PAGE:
A court in Iran has sentenced three writers to a total of 18 years in prison after convicting them of crimes against national security.
Reza Khandan Mahabadi, Baktash Abtin and Kayvan Bajan, were convicted of "propaganda against the state" and "acting against national security” and sentenced each to six years in prison late last week, reports said.
Their trial was held in April.
The charges are often brought against intellectuals and critics of the Iranian clerical establishment.
The three are members of the Iranian Writers Association, which has come under pressure by authorities who have summoned, threatened, and jailed its members.
"This trial is not just the condemnation of three writers. This was not a trial against the Writers Association alone. It’s a condemnation of all writers and others who want to enjoy the right to free expression," the group said in a May 15 statement while suggesting that authorities did not provide any solid evidence to back the charges.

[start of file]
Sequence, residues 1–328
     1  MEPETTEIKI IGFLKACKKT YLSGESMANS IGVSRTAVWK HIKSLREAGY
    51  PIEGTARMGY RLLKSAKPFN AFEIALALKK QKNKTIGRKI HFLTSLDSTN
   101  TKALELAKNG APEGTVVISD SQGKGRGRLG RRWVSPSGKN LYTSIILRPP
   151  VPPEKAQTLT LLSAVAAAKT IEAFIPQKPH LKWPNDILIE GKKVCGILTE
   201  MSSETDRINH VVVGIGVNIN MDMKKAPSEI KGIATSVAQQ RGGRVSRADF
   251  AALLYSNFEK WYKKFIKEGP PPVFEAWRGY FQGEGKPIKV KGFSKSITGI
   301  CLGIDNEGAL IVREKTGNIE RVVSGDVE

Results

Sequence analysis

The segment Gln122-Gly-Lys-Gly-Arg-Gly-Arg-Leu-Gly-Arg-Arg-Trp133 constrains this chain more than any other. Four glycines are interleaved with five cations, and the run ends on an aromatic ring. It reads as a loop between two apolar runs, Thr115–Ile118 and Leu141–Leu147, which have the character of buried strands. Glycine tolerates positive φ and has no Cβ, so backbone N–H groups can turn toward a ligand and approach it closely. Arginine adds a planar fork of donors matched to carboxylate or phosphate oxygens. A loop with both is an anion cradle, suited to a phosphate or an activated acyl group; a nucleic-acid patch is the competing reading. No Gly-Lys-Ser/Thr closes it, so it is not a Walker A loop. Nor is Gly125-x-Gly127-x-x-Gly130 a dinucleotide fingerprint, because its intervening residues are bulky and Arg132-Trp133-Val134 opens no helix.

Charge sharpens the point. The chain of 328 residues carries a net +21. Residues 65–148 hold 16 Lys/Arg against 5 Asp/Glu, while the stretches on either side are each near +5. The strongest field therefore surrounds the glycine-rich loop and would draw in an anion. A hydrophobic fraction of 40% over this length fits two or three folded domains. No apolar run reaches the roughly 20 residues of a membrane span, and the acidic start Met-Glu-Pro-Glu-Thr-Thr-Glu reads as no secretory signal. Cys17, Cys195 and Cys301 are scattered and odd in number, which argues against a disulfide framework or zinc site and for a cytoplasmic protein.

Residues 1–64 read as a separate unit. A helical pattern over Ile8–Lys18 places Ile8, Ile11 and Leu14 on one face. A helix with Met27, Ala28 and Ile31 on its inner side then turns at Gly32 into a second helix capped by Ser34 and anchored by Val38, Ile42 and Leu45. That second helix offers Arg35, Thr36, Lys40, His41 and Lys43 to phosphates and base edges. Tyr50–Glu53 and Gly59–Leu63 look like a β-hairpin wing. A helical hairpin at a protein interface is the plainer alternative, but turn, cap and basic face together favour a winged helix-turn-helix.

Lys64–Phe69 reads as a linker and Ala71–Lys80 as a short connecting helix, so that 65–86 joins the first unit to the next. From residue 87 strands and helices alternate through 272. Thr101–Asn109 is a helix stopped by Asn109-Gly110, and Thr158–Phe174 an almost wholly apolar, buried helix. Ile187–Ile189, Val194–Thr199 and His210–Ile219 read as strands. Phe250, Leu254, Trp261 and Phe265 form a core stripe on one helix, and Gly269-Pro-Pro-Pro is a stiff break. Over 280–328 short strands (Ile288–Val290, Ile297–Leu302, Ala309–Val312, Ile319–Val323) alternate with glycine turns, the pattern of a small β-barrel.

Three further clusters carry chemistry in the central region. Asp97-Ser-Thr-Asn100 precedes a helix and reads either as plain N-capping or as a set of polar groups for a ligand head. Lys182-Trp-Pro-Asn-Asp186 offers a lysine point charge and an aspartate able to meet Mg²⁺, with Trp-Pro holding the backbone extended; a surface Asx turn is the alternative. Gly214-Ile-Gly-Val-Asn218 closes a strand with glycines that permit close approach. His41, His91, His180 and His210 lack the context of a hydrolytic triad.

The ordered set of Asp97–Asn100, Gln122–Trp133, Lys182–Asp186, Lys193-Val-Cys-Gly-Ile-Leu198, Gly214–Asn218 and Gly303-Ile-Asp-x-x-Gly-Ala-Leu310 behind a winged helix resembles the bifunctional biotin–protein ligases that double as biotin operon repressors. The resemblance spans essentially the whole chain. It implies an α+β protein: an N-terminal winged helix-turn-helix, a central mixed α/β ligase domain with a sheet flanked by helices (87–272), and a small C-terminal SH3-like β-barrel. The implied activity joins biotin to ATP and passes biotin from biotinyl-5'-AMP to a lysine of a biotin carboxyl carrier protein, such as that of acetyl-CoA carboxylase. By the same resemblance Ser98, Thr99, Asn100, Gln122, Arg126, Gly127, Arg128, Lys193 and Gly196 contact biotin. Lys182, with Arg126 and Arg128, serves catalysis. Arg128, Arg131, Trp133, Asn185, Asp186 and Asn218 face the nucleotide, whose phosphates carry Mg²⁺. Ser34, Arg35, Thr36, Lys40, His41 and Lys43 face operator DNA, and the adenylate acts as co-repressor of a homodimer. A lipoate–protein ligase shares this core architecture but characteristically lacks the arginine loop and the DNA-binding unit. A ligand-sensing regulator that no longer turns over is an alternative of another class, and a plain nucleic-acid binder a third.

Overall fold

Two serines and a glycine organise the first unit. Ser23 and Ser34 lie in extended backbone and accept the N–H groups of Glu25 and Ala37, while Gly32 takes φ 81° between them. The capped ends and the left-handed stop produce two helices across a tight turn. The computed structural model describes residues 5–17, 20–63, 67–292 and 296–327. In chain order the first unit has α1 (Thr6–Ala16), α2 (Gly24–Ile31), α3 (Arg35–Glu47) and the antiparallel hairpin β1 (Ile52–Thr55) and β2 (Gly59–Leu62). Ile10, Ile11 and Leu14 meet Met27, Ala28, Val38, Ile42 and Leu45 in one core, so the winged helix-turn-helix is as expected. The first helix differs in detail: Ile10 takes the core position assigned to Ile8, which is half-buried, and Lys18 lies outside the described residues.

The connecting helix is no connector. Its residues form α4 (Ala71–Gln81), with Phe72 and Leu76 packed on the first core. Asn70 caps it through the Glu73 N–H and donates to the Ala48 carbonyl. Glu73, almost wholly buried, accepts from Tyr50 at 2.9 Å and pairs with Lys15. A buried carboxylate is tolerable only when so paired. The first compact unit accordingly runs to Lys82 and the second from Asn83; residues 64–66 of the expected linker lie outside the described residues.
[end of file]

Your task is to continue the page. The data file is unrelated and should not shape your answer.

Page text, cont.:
'Travesty Of Justice'
The New York-based center for Human Rights in Iran (CHRI) condemned the "unjust and unlawful" prison sentences for Khandan Mahabadi, Abtin and Badajan as "a travesty of justice."
"Iranian authors, artists and musicians are a part of Iran's heritage. They create and expand the culture. Using kangaroo courts to put them behind bars for peacefully expressing themselves is a travesty of justice," CHRI’s executive director Hadi Ghaemi said in a May 17 statement.
In a statement published earlier this month, PEN International had expressed concern about the trial of the three writers while calling on Iranian authorities to drop all the charges against them and respect their right to freedom of expression.
"PEN International is alarmed about the large number of writers and activists in Iran who have been detained or imprisoned solely for exercising their right to freedom of expression," the group said.
The writers have 20 days to appeal their verdicts.